Description

Recognizes the “true” case of tokens (how it would be capitalized in well-edited text) where this information was lost, e.g., all upper case text. This is implemented with a discriminative model using the CRF sequence tagger. A true case category label, e.g., INIT_UPPER for each word is saved in TrueCaseAnnotation. The token text adjusted to match its true case is saved under the TrueCaseTextAnnotation. There is an option to also overwrite the TextAnnotation of the token, which will change the behavior of later annotators (they will use the truecased text): truecase.overwriteText. The original text prior to any normalization can still be retrieved from the OriginalTextAnnotation. (The JSON output format is a text output format that contains these annotations.) At present, we only have a trained truecase model for English, but models could be trained for other languages.

Use of the truecase annotator is one of two good ways of dealing with texts that mostly or entirely lack case distinctions. The other is to use caseless models.

Property name Annotator class name Generated Annotation
truecase TrueCaseAnnotator TrueCaseAnnotation and TrueCaseTextAnnotation

Options

Option name Type Default Description
truecase.model String edu/stanford/nlp/models/truecase/truecasing.fast.caseless.qn.ser.gz The truecasing model to use.
truecase.bias String INIT_UPPER:-0.7,UPPER:-0.7,O:0 Biases to choose certain behaviors. You can use this to adjust the proclivities of the truecaser. The truecaser classes are: UPPER, LOWER, INIT_UPPER, and O (for mixed case words like McVey).
truecase.mixedcasefile String edu/stanford/nlp/models/truecase/MixDisambiguation.list When the classifier chooses mixed case classification, the form in this file (if any) is used, otherwise the input token is left unchanged.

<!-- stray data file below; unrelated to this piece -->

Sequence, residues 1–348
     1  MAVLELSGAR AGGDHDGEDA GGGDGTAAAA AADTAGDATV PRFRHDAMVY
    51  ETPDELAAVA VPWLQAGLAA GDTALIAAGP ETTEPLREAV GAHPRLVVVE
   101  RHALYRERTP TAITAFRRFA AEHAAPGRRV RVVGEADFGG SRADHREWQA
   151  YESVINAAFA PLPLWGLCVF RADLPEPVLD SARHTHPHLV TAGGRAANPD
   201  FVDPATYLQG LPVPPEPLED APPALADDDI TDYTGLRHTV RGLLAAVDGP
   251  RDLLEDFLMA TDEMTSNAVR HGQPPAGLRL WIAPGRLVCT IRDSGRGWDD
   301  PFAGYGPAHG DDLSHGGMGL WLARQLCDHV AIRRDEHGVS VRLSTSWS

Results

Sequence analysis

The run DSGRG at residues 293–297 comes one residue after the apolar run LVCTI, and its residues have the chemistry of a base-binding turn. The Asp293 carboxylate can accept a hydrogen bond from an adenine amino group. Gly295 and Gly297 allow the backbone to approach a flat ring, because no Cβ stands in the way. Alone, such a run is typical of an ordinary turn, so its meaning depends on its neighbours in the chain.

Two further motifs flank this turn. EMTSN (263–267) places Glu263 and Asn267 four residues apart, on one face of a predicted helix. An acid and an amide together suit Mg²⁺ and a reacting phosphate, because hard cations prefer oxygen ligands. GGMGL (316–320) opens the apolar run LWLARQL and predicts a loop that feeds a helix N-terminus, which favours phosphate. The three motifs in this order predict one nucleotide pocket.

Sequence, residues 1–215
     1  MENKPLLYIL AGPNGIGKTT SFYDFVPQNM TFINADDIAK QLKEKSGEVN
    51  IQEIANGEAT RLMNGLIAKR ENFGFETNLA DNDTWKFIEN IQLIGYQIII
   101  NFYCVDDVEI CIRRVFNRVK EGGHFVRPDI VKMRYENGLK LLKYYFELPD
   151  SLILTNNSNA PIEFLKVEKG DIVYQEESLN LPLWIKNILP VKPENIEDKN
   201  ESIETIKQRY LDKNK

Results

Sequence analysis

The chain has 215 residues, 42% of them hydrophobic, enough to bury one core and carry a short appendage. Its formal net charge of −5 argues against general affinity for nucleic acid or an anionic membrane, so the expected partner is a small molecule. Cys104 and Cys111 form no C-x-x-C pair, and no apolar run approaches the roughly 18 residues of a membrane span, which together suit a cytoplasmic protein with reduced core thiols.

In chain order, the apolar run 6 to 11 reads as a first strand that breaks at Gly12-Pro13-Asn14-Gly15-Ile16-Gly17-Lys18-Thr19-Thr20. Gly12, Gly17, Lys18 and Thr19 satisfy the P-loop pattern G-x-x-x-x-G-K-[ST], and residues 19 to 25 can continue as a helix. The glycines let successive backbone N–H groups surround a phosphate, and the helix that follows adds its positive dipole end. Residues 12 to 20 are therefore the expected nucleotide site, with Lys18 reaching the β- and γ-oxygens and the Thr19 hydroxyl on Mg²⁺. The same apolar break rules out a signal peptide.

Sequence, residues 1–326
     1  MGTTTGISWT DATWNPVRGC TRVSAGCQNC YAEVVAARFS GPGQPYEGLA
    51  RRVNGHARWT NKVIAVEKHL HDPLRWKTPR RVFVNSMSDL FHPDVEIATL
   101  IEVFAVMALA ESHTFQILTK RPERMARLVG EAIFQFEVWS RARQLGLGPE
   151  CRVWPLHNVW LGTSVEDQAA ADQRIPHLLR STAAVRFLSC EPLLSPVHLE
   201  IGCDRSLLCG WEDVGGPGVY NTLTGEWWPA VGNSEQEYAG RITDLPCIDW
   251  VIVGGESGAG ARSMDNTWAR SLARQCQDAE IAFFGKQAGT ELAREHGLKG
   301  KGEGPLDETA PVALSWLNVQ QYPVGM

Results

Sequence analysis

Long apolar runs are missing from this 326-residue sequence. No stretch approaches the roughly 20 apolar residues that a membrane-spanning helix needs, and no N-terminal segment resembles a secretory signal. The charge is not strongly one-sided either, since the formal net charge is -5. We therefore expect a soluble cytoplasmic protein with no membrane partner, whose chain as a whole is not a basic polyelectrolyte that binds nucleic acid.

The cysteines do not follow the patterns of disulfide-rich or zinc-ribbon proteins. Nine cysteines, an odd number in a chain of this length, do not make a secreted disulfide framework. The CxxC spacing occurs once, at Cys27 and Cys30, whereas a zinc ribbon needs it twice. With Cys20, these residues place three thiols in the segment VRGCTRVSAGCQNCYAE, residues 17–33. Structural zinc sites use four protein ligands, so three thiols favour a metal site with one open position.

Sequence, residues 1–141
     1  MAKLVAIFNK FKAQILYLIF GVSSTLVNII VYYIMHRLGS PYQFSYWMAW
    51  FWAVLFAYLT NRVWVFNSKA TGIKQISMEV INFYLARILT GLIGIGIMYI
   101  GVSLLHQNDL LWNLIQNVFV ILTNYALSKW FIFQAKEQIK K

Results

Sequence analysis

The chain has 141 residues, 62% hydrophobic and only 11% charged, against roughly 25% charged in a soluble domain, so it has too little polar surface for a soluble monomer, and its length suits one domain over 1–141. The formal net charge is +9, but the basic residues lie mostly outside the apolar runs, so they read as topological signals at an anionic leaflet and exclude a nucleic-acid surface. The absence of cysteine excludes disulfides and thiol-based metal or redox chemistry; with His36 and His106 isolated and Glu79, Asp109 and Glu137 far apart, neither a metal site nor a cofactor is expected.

truecase.overwriteText boolean false Whether the truecased token form should be used to overwrite the TextAnnotation, affecting the behavior of later annotators in a pipeline.
truecase.verbose boolean false Whether to run more verbosely.

Example

To use the truecase model to work with uncased text, place it after sentence splitting but before other annotators that use case information. Here is an example:

% cat lakers.txt
lonzo ball talked about kobe bryant after the lakers game.

With the default English models, no entities (and no proper nouns) are found:

% java edu.stanford.nlp.pipeline.StanfordCoreNLP -file lakers.txt -outputFormat conll -annotators tokenize,ssplit,pos,lemma,ner
% cat lakers.txt.conll 
1	lonzo	lonzo	NN	O	_	_
2	ball	ball	NN	O	_	_
3	talked	talk	VBD	O	_	_
4	about	about	IN	O	_	_
5	kobe	kobe	NN	O	_	_
6	bryant	bryant	NN	O	_	_
7	after	after	IN	O	_	_
8	the	the	DT	O	_	_
9	lakers	laker	NNS	O	_	_
10	game	game	NN	O	_	_
11	.	.	.	O	_	_

However, Instead, if we run truecasing prior to POS tagging and NER, then we get:

% java edu.stanford.nlp.pipeline.StanfordCoreNLP -outputFormat conll -annotators tokenize,ssplit,truecase,pos,lemma,ner -file lakers.txt -truecase.overwriteText
% cat lakers.txt.conll 
1	Lonzo	Lonzo	NNP	PERSON	_	_
2	ball	ball	NN	O	_	_
3	talked	talk	VBD	O	_	_
4	about	about	IN	O	_	_
5	Kobe	Kobe	NNP	PERSON	_	_
6	Bryant	Bryant	NNP	PERSON	_	_
7	after	after	IN	O	_	_
8	the	the	DT	O	_	_
9	Lakers	Lakers	NNPS	ORGANIZATION	_	_
10	game	game	NN	O	_	_
11	.	.	.	O	_	_

Now, the organization Lakers is recognized, and in general nearly all the entity words are tagged as proper nouns with the correct entity label. However, the model fails to get ball, which remains a common noun. Of course, this is a fairly hard word to get right in caseless text, since ball is a quite frequent common noun.